I believe the role of our state government, in today’s society, is to promote and enact policies that allow our citizens to choose their own path — in terms of family decisions, career goals, and more — and find success along that pathway.
For example, through different measures, we’ve strived to make it easier to own and operate a business, contributing to the local economy and helping many Ohioans realize their dream of opening their own storefront.
However, it is also the role of our state government to provide for those whose lives have been made more challenging through no fault of their own.
Ohio’s children can fall into this category, and more importantly, children with special health needs. The Bureau of Children with Medical Handicaps program (BCMH) is a health care program in the Ohio Department of Health that assists families of children with special health care needs with finding quality providers and paying for services their children need. Cystic Fibrosis (CF) is one disease that BCMH helps provide coverage for.
A chronic and debilitating disease that affects the lungs and digestive system, CF requires costly medication and equipment to treat and give children affected the best opportunity to live a normal life.
I joined some of my colleagues and advocates for CF this week to affirm that through the state budget process, the Ohio House intends to continue funding the BCMH program. Boomer Esiason, former NFL quarterback and founder of a foundation that raises money and awareness for research on cystic fibrosis, and the Hoffman family, stood with me to remark upon the importance of the BCMH program in helping families get the care they need for their children.
Reverend Dave Hoffman, a resident of Marion, is father to twin 16-year-old daughters who have CF. and like many families, their private insurance is not enough to cover the high costs of Andrea and Alyson’s care, two strong and vivacious girls who lead active and fulfilling lives.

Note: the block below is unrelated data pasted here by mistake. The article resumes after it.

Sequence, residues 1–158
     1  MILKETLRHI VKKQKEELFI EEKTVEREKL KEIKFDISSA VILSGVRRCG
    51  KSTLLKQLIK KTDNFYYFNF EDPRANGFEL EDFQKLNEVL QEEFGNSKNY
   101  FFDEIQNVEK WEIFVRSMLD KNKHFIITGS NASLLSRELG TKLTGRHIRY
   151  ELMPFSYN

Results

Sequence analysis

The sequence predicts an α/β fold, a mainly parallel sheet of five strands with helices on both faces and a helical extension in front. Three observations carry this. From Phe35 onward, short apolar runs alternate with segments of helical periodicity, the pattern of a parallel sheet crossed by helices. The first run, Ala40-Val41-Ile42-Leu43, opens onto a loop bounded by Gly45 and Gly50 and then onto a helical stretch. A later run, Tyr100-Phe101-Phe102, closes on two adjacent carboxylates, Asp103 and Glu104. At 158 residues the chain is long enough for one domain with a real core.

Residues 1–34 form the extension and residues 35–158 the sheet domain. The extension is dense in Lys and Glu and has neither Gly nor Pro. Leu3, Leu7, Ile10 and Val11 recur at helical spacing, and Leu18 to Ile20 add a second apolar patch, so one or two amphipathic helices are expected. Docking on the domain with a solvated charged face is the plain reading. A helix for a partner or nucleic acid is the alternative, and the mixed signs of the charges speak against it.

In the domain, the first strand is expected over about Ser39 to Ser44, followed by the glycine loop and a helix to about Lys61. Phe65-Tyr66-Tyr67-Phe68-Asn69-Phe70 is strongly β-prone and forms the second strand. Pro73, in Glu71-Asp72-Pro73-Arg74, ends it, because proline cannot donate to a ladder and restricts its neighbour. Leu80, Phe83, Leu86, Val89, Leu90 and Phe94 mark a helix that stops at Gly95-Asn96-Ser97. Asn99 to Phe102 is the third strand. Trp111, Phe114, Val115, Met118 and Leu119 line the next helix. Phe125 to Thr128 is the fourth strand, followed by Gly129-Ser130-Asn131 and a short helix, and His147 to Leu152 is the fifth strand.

After speaking to Andrea and Alyson, I realized just how important it is to ensure that their care is not interrupted by changes to BCMH — after all, they are certainly future leaders in Ohio.
The BCMH program provides aid to approximately 40,000 Ohioans, those struggling with cystic fibrosis, hemophilia, and other challenging conditions. It’s a large program that many families depend on to get by every day, and it is our responsibility as state leaders to ensure those families continue to thrive.
The state budget process — which involves various moving parts — is not the time to examine a complex program that benefits so many. Therefore, the Ohio House will continue funding BCMH in the budget and intends to examine ways to make it more effective and efficient for families in the future.
I truly appreciate the opportunity I had this week to hear from Boomer, Andrea, and Alyson about their personal experiences in managing cystic fibrosis. It is a disease that requires much maintenance and personal responsibility, but I could see that with the proper care, people who have CF can live happy lives and be productive members of our society.
We just have to give them the chance, and the BCMH program helps do just that.
Ohio House Speaker Cliff Rosenberger (R-Clarksville) represents the 91st District, which includes Clarksville.